Updated April 24, 2006

Juvenile Probation

The Judicial Branch’s Court Support Services Division (CSSD) administers juvenile probation through the Office of Juvenile Probation Services.

Juvenile probation officers do not carry a firearm. They are classified as peace officers and do have the power to arrest.

There is an internal policy of the Court Support Service Division that prohibits the officers from carrying a firearm.

At the time of the survey, it was not under consideration to allow the officers to carry a firearm.

There are no private companies providing juvenile probation supervision.

Juvenile Parole

In Connecticut, juvenile parole officers, referred to as juvenile service officers, provide case management services to youth throughout their commitment. Case management services are provided when the youths are placed out of the home, as well as, when they return to their own homes, schools and communities. These juvenile aftercare services are under the Department of Children and Families, Bureau of Juvenile Justice, which is in the executive branch of Connecticut’s state government.

These officers do not carry a firearm. They are not classified as peace officers. They have the authority to bring into custody any youth still under a delinquency commitment who violates the conditions of their parole.

There is no policy that prohibits the officers from carrying a firearm. At the time of the survey, carrying a firearm was not under consideration.

The Bureau of Juvenile Justice has contracts with private companies that provide aftercare services to youths on parole, such as employment training, recreation, supervision, and behavioral health.

The Bureau does contract with private providers for Outreach, Tracking and Reunification (OTR) services. These are considered parole supervision.

Adult Probation

The Court Support Services Division (CSSD) Adult Probation under the Judicial Branch is responsible for the delivery of adult services to the court. The agency is committed to supervising and treating offenders according to the risk they pose to public safety, matching the degree or level of supervision and treatment to their level of risk; choosing appropriate targets of evidence-based rehabilitative programming that addresses the clients’ identified “criminogenic need”; and employing styles and modes of treatment interventions that are consistent with the ability and the developmental level of the offender. The agency has initiated intensive training designed to improve the effectiveness of staff interactions with probation clients, provide ongoing evaluation of officer proficiency, and by maximizing officer skill through the use of normative feedback.

Adult Probation Officers are classified as peace officers and do have the power to arrest; however, they do not carry a firearm.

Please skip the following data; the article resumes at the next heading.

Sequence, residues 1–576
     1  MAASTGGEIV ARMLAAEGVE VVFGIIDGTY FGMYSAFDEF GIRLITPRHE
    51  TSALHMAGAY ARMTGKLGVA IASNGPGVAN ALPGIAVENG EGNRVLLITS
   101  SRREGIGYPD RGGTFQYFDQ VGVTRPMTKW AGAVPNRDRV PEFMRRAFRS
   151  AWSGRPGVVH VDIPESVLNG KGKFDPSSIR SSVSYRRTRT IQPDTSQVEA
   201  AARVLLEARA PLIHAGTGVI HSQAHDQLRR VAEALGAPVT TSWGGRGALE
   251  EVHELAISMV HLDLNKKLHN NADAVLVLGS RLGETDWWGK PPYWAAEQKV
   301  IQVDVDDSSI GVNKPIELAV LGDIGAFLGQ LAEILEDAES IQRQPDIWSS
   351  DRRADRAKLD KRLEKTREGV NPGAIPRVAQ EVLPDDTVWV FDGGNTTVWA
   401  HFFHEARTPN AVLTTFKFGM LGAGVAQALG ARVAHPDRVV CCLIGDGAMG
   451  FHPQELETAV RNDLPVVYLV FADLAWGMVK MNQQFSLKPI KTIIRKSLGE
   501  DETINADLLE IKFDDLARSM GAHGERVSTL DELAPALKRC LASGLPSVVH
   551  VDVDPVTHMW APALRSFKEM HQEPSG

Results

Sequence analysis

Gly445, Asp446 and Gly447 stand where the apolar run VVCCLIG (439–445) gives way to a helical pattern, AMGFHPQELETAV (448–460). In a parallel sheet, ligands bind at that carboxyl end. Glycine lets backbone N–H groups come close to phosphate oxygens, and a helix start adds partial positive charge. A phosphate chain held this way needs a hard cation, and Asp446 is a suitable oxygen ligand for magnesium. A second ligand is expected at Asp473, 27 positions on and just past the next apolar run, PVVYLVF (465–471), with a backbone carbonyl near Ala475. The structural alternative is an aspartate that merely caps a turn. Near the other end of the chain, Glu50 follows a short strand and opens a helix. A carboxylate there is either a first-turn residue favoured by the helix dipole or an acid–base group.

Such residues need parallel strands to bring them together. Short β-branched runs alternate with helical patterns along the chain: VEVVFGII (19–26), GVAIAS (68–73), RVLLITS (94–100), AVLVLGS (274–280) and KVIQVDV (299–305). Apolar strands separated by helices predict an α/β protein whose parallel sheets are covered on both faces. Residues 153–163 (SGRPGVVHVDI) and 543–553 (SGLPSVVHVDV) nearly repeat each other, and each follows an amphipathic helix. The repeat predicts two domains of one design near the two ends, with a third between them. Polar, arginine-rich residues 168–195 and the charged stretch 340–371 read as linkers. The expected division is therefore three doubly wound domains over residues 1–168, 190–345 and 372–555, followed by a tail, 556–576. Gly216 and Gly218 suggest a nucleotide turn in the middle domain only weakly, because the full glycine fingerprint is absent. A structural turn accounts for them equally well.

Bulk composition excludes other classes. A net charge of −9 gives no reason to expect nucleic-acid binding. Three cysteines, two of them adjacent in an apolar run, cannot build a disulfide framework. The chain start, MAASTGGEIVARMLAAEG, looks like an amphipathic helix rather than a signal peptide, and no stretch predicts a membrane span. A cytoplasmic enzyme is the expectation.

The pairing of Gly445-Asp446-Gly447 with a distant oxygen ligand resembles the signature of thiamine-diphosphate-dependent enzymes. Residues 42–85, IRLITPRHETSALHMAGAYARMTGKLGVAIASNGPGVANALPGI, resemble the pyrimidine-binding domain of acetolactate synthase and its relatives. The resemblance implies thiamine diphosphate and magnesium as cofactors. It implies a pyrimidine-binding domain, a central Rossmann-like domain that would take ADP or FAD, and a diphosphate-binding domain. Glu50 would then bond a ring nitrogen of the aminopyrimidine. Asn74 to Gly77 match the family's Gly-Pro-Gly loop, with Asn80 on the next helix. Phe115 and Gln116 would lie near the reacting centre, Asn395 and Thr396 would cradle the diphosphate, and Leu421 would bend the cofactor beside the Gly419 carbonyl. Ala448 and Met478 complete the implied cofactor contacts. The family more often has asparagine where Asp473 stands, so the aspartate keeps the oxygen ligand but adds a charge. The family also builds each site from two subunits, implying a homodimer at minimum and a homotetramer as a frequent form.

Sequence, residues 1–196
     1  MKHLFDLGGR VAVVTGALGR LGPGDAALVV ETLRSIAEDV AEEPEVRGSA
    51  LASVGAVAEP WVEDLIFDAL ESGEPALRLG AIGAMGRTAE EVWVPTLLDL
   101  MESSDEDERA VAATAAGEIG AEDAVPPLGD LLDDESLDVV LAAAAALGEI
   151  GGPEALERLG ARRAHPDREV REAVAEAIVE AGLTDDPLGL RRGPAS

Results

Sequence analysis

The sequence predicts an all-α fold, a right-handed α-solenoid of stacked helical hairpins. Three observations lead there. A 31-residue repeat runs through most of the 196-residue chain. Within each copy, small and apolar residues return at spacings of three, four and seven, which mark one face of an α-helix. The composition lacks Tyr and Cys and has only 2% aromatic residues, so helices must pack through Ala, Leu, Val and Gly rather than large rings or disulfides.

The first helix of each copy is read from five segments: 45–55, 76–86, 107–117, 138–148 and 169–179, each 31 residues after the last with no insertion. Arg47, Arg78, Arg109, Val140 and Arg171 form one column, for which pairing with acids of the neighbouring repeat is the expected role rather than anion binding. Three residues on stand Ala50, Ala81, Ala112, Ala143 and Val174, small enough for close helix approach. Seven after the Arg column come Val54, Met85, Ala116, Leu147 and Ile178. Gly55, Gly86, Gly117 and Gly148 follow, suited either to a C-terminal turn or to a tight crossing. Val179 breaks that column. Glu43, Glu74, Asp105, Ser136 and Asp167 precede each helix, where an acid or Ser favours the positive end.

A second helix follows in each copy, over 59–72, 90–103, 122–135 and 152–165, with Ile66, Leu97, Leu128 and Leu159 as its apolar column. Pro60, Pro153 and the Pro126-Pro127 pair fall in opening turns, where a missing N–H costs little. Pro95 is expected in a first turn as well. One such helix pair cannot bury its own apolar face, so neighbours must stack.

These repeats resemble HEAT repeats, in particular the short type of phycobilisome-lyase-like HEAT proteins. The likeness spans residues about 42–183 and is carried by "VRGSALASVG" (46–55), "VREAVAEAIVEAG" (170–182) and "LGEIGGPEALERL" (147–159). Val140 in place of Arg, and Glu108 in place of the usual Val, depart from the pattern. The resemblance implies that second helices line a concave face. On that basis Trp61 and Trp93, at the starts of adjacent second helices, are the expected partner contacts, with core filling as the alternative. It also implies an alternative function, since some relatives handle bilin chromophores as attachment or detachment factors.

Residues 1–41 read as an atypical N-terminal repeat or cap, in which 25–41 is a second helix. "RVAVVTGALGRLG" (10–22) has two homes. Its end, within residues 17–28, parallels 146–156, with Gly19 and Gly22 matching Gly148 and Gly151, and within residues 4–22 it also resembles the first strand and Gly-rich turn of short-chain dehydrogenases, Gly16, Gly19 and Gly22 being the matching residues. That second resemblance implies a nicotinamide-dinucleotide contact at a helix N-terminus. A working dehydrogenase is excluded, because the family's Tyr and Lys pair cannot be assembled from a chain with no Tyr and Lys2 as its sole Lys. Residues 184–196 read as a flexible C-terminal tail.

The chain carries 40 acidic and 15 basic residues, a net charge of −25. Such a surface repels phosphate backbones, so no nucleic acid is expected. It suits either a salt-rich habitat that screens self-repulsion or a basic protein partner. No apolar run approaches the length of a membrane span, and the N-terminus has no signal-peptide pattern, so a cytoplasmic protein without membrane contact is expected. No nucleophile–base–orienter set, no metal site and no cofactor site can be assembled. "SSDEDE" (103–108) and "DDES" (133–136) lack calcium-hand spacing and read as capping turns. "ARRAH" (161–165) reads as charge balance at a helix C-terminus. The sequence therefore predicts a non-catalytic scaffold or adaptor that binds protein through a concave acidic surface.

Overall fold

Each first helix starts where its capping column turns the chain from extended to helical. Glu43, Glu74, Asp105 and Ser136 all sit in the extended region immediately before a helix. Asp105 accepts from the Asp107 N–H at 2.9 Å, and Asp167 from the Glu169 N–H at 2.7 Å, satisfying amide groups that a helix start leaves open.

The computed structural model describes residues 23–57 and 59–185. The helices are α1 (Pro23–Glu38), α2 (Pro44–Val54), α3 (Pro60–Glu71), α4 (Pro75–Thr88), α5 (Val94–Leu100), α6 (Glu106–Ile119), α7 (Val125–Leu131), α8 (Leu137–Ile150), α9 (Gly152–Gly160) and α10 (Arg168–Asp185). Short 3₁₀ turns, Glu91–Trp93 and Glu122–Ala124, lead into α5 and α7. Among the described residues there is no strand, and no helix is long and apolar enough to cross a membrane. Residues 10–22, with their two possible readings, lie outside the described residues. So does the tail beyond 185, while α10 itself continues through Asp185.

CSSD Adult Probation contracts with a private company for the monitoring and tracking of individuals who are assessed low risk. This has enabled CSSD to concentrate staff resources on high-risk cases. CSSD maintains a staff of probation officers at the private company to ensure quality control and contract compliance.

Adult Parole

In 2004, Public Act 04-234 was passed in the State of Connecticut. The objectives of this Public Act were to maintain the prison population at or under capacity, promote successful re-entry into the community, provide public safety, and support victim rights. This Public Act created a new Board of Pardons and Parole and merged it with the Department of Correction. The Public Act also transferred Parole field supervision from the Board of Pardons and Parole to the Department of Correction.

Parole Officers are not classified as peace officers, however they can detain and remand inmates to custody on Transitional Supervision (authorized release under the authority of the Commissioner of Correction for offenders convicted of a non-violent crime and sentenced to two (2) years or less), supervised offenders in a DOC residential program and Parolees on Parole for technical violations and criminal violations.

All State of Connecticut Parole Officers carry a .40 caliber firearm, which is provided by the state. The Department of Correction maintains record keeping at the accredited Manson Correctional Training and Staff Development site. The training provided meets or exceeds Peace Officer Standard Training. All Parole Officers maintain a level of competence by quarterly firearm training and mandatory annual proficiency testing.

The Department of Correction implemented the Offender Management Plan that provides a progressive, systematic approach for the custody, care, and treatment of each offender in accordance with state statutes and the Department of Correction Mission statement

In addition to many state services, the Department of Correction has five funded Community Residential Providers that provide aftercare services for relapse prevention and employment services.

The vision of the Department of Correction is to prepare an offender for release through an offender management plan individually developed that starts with the first day of incarceration in a facility, through community supervision, and finally community living and beyond.

The Parole and Community Services Division upholds the Department of Correction Mission Statement which clearly states it the responsibility of the agency to “support successful community reintegration.” There are no private companies that provide adult parole supervision.

For updates or corrections to the information on this page, please contact: Diane Kincaid